DS: Did u experiencing people misunderstanding your piece? Please explain why

TA: Images are inherently about conflation of real issues, therefore always prone to being misread. But we hope the pieces throw some "light" on the subjects, getting the spectator to question their point of view, even if it is only a temporary shift in perspective. Also, these pieces have a life beyond us, which also opens a space for us to question our point of view, as the discussions grow. We do not think that art can change the world, but it is an important aspect of the equation to generate discussion, which can be very messy sometimes, but necessary.

DS: Both of you have a background as migrants, coming at different points of you life to the US. How is this background influencing your work?

TA: It helps us see US history and context with one foot in and the other out. We do not buy into the blind patriotism and growing fear of difference.

DS: In your text you refer to the term 'empire', which refers in my reading to Western/US hegemony, the rise of neo-liberalism/capitalism and thus globalization. The images of broken glass and the global power-games seen through this image also evoke 9/11.

TA: Yes, your reading of the piece is correct. We do think imperialism is still a residual aspect of the equation, but the situation became much more complicated under post-Fordism/global capitalism/ neo-liberalism/9-11, and the collapse of the Soviet Union. Empire is William Appleman Williams and Hardt and Negri readings of Late Capitalism, US style.

DS: You talk in your text about media representation and which of the portraits dominate. Well, sure, Bush, Bin-Laden and Saddam stick out the most. Chavez can be depicted and he's not Bush's friend either. The two Africans I don't know, which is probably what you want to show: where the focus of world politics/media representation lies and which parts of the world stay in the shadow.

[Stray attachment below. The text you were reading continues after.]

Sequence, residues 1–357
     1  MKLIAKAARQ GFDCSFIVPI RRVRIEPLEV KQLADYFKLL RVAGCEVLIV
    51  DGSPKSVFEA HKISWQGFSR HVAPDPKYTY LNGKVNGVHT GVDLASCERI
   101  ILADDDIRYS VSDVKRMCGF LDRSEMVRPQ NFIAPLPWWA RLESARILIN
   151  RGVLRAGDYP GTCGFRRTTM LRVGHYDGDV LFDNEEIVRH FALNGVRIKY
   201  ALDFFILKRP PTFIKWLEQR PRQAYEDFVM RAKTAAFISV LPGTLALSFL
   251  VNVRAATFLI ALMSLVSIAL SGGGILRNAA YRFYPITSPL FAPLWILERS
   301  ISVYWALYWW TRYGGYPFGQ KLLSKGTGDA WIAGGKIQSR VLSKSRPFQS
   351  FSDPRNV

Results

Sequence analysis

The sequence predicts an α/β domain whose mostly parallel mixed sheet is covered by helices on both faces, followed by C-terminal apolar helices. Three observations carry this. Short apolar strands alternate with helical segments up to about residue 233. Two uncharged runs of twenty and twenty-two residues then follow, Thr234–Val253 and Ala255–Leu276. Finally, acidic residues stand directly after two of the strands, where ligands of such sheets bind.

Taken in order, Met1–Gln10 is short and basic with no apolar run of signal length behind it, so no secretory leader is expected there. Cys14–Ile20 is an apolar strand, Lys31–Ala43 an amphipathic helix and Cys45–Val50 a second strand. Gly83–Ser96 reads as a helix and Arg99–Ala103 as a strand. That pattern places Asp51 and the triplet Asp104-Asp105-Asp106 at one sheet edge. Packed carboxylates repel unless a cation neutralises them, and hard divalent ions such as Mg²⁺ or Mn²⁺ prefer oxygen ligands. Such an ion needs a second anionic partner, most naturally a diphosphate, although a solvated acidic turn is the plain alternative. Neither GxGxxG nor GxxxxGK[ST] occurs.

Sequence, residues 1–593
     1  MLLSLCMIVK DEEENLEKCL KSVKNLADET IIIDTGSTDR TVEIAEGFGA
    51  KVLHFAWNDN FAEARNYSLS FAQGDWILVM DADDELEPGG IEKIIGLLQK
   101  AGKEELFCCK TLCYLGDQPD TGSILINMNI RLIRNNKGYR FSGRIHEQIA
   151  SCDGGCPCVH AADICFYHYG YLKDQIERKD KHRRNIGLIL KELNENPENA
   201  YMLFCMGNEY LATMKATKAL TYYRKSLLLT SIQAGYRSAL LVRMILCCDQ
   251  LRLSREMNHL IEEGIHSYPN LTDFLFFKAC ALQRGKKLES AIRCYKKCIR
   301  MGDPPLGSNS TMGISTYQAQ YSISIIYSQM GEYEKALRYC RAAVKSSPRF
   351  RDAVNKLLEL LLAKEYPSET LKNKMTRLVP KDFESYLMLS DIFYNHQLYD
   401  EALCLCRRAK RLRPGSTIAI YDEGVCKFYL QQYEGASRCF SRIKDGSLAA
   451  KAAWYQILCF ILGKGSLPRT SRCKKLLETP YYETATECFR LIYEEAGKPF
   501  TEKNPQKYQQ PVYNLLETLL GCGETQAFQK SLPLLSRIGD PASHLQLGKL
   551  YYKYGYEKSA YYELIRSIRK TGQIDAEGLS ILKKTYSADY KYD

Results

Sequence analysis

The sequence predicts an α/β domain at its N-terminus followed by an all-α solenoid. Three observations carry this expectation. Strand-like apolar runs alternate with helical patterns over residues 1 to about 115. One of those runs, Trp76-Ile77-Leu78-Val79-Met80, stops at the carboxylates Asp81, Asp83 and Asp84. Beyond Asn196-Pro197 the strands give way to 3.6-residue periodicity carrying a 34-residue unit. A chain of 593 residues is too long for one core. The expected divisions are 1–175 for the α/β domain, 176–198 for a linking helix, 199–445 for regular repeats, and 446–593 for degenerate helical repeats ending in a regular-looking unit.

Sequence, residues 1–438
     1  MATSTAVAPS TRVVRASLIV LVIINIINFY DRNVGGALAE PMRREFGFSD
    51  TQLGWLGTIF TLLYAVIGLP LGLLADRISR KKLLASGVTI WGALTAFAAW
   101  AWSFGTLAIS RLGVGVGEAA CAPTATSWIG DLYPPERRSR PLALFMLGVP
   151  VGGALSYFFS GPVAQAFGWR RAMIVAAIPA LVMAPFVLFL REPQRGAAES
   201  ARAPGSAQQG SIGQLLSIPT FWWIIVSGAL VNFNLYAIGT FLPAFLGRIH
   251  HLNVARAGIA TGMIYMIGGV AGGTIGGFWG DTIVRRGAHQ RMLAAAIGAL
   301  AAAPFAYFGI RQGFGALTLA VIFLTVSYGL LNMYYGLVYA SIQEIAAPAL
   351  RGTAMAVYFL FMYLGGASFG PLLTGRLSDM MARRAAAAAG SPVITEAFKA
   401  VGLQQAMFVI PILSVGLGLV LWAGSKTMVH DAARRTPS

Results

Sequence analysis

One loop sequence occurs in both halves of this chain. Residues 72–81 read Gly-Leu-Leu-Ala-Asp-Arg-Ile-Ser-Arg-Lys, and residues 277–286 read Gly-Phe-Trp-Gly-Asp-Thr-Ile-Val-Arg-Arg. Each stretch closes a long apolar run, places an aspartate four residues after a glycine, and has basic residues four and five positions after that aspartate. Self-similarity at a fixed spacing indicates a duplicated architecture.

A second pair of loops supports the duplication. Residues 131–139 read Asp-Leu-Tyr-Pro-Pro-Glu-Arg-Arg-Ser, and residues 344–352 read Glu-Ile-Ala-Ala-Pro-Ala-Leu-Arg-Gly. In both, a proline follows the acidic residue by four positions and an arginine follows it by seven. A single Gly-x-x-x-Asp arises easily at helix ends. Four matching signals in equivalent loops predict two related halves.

TA: I like this interpretation of the pieces.

DS: In your text you state:"...These citizens, migrants, illegals as well as refugees stand outside in "public" space looking into a "private" space - a space that seems even harder to access…." Well, that's right! In our 'case' here in Zwaanshals this even more applies. The space where the new ZinLicht series opens with your piece 'beheaded' is one of the newly gentrified houses, where I, the white artist, gets free access to the space, whereas the poor migrant stands outside and doesn't. This even has this one more layer to it. But well, how to communicate this 'directly' to the migrants/illegals/refugees, who will stand in front of the window, without falling into the dichotomy of 'them' and 'us' and talking too much on a meta-level?

TA: Yes you are right again, but we see this dualism as a necessary confrontation, hopefully leading to another threshold. At some point, this dualism implodes once (in the best of cases) and the "outsiders" realize that even the "insiders" who are also looking in, are also imprisoned (obviously, in different ways) by their dependence and limits on the global power game.

DS: I'm citing from your text: ".... the difficulty of access to the private space of political power is multiplied by the additional visual obstacles of light boxes on the windows containing images of walls crowned with broken glass." So you're talking of exclusion and inclusion - the broken glass symbolizing the Fortress Europe/ the Western world.

TA: Ultimately, it started as something closer to home, personal. Both Carlos and I noticed that the use of glass crowned walls were common in the Third World (Colombia and Trinidad, countries of origin), where it is cheaper than using bard wire. These walls are common to rich families wanting to keep the poor out, off their property. We thought it was an appropriate image to how the marginal of any society sees itself in relation to dominant the culture/group.
The broken glass is less sanitized than the bard wire. The broken glass also reminds us of a city landscape. Cities are turning into forts once again:
Read Mike Davis' take on the urban landscape of the US, especially Los Angeles ("Beyond Blade Runner: Urban Control, The Ecology of Fear", 1992)

Also the broken glass, which is infront of the spectator, as they stare into the space pass the glass to identify heads, can also create the feeling of being cut or portenially beheaded.

Ingekort interview NL: KLIK HIER / download pdf

General exhibition text and bios: CLICK HERE